Alberta farm workers’ death renews calls for OHSA reformWritten by Mari-Len De Guzman 07 December 2010
Labour unions in Alberta have renewed calls for the expansion of the province’s Occupational Health and Safety Act to include agricultural workers, following the recent death of two Edmonton farm workers.
The Alberta Federation of Labour is calling the incident “proof that Alberta's workplace safety laws need to be extended to include agricultural workers.”
"It is simply absurd that investigators from Alberta Occupational Health and Safety were dispatched to investigate the death of these two workers, but had to abandon the investigation and leave the site when they discovered this happened on a farm," said Gil McGowan, president of the AFL, which represents 140,000 workers.
The two farm workers — aged 62 and 54 — died of electrocution after the grain auger they were moving touched an overhead power line, according to news reports. Alberta’s Occupational Health and Safety Act (OHSA) currently does not cover agricultural workers.
"Today's farms are industrial workplaces just like any other — as this accident involving large equipment and power lines shows," McGowan said.
Echoing the AFL’s call, the United Food and Commercial Workers International Union (UFCW) urged Alberta Premier Ed Stelmach to “end the harvest of death” by immediately legislating health and safety protections for the province’s agriculture workforce.
“How many more people have to be killed on Alberta farms before the Stelmach Government listens to reason and the Barley recommendations?” UFCW Canada national president Wayne Hanley said. In 2008, Justice Peter Barley made recommendations to include the agriculture sector in the Alberta Occupational Health and Safety Act after investigating the death of farm worker Kevin Chandler.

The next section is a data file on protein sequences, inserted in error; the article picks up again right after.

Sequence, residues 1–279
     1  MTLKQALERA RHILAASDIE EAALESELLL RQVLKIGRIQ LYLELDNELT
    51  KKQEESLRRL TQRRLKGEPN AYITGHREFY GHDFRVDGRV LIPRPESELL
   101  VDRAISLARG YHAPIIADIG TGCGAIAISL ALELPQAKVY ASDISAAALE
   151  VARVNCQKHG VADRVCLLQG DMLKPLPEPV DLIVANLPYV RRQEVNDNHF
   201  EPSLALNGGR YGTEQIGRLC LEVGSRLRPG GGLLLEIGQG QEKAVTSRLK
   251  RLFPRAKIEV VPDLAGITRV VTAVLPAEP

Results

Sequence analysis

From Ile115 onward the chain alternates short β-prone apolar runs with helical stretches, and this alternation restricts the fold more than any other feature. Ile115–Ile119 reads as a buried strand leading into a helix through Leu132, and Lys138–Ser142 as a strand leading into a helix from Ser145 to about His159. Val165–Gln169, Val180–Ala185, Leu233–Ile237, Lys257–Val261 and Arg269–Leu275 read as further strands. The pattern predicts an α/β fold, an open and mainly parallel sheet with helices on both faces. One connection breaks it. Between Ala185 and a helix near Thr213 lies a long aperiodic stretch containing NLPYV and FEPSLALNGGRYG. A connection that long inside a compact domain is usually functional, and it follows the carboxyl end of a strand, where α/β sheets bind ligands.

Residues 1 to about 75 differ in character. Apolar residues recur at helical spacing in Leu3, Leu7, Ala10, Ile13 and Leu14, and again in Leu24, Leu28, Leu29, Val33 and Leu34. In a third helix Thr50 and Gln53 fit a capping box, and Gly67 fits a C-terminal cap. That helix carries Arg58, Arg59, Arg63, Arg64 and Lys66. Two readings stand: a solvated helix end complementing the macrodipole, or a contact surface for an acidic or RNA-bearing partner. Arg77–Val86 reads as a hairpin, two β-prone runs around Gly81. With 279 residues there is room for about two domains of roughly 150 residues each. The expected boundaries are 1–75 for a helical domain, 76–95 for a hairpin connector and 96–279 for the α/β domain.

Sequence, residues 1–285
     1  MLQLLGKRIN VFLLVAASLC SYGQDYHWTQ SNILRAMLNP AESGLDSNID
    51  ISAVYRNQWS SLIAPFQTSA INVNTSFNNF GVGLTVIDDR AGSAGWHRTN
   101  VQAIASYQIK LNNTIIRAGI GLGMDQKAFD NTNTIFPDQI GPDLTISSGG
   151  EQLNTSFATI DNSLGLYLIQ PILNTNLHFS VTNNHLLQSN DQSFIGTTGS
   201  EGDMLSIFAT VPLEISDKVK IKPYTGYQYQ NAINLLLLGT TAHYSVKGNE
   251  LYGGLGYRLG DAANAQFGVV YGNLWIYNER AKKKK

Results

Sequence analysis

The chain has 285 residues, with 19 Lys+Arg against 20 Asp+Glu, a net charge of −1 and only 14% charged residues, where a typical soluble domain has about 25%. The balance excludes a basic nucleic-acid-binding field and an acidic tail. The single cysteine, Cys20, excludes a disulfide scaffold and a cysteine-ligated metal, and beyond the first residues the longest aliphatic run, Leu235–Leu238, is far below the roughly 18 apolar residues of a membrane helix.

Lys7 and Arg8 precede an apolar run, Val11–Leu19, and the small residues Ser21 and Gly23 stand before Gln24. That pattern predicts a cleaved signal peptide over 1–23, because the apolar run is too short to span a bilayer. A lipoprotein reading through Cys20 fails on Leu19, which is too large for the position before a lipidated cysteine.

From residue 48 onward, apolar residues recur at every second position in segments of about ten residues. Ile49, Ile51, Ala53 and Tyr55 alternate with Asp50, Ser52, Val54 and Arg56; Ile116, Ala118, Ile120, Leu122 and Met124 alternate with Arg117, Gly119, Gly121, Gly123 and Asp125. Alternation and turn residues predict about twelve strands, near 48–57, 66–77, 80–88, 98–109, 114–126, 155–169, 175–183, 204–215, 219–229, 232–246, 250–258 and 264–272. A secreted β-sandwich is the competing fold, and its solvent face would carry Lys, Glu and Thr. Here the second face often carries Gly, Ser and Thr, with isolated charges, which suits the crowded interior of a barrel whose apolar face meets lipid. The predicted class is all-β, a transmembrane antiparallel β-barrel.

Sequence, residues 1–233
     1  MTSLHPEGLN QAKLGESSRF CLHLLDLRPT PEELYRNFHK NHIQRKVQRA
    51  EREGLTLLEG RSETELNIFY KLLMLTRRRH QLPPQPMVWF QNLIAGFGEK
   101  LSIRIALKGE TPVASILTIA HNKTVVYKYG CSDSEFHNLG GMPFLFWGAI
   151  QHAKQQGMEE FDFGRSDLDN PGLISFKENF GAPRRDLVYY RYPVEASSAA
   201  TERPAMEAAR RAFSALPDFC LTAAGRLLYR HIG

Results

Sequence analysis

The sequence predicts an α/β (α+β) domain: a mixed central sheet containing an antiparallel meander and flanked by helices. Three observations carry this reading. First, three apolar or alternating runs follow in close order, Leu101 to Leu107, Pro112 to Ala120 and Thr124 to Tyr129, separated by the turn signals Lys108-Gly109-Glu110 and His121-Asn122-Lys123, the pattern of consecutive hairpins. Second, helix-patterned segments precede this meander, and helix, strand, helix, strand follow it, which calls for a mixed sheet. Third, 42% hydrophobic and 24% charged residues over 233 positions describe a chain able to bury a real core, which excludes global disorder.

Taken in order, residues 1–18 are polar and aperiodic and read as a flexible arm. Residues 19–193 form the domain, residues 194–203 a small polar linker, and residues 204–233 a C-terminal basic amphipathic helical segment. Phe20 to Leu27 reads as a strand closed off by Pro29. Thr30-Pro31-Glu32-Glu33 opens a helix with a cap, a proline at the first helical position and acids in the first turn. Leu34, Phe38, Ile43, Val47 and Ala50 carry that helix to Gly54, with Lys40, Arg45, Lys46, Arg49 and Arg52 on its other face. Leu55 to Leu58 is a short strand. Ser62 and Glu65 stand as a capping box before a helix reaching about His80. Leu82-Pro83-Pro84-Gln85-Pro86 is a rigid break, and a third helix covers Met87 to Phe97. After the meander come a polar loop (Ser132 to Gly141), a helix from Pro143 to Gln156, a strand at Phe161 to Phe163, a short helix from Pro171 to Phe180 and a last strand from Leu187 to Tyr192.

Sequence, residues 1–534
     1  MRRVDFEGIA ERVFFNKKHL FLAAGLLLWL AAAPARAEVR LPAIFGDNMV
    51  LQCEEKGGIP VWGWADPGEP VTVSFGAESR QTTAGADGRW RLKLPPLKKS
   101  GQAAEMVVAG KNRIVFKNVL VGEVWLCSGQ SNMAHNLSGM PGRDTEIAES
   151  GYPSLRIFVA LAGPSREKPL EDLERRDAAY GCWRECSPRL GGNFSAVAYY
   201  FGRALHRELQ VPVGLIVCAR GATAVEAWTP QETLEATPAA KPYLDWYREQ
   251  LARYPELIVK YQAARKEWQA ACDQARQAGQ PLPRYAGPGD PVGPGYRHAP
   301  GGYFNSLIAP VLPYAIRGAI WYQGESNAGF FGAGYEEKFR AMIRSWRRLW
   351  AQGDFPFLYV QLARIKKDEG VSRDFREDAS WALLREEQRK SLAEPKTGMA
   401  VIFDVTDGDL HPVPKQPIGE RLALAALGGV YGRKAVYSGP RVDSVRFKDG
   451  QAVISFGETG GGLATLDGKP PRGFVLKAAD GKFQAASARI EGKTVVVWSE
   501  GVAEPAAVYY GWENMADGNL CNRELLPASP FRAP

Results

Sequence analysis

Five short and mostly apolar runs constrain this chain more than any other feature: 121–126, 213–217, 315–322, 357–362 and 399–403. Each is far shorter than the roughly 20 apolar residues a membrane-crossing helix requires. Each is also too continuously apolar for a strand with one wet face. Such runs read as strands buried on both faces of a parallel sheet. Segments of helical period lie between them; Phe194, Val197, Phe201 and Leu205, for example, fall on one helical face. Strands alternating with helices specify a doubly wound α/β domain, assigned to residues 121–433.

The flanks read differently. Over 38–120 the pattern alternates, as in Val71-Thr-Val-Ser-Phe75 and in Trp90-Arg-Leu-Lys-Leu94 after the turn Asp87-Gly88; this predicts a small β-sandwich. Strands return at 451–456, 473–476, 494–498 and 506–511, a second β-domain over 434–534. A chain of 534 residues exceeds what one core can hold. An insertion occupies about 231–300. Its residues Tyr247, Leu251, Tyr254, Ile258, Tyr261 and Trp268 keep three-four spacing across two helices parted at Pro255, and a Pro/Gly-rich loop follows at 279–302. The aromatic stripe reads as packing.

Stelmach's office declined to comment on the AFL and UFCW statements, referring the matter to the Alberta Ministrty of Employment and Immigration. Barrie Harrison, spokesperson for Alberta Employment and Immigration told COS there's currently no plan to expand the OHSA to cover agricultural workers. "Certainly not anywhere in the near future."
In the last nine years, 160 people have died on farm worksites, according to the AFL.
Last month, the Alberta government announced the formation of the new Farm Safety Advisory Council, co-chaired by government and industry. According to the province’s Minister of Agriculture and Rural Development Jack Hayden, the council will advise the government on how to enhance farm safety education and training.
“This council will bring industry and government together to find ways to reduce farm injuries without increasing the regulatory and financial burden on our producers,” Hayden said in a statement.
The co-chairs and members of the Farm Safety Advisory Council are expected to be announced in the new year. According to the ministry, members of the council will include representatives from farm safety organizations, municipalities, agricultural organizations and farm workers.
"Undoubtedly our minister would continue to have dialogue with the minister of agriculture to see what comes out of that committee and how government might want to move forward," Harrison said.
McGowan, however, called the creation of the council an "empty gesture." "The government says the council will be co-chaired by industry and government, but no leadership role is given to workers or their advocates — the people whose lives are on the line. "
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Published in Legal Stories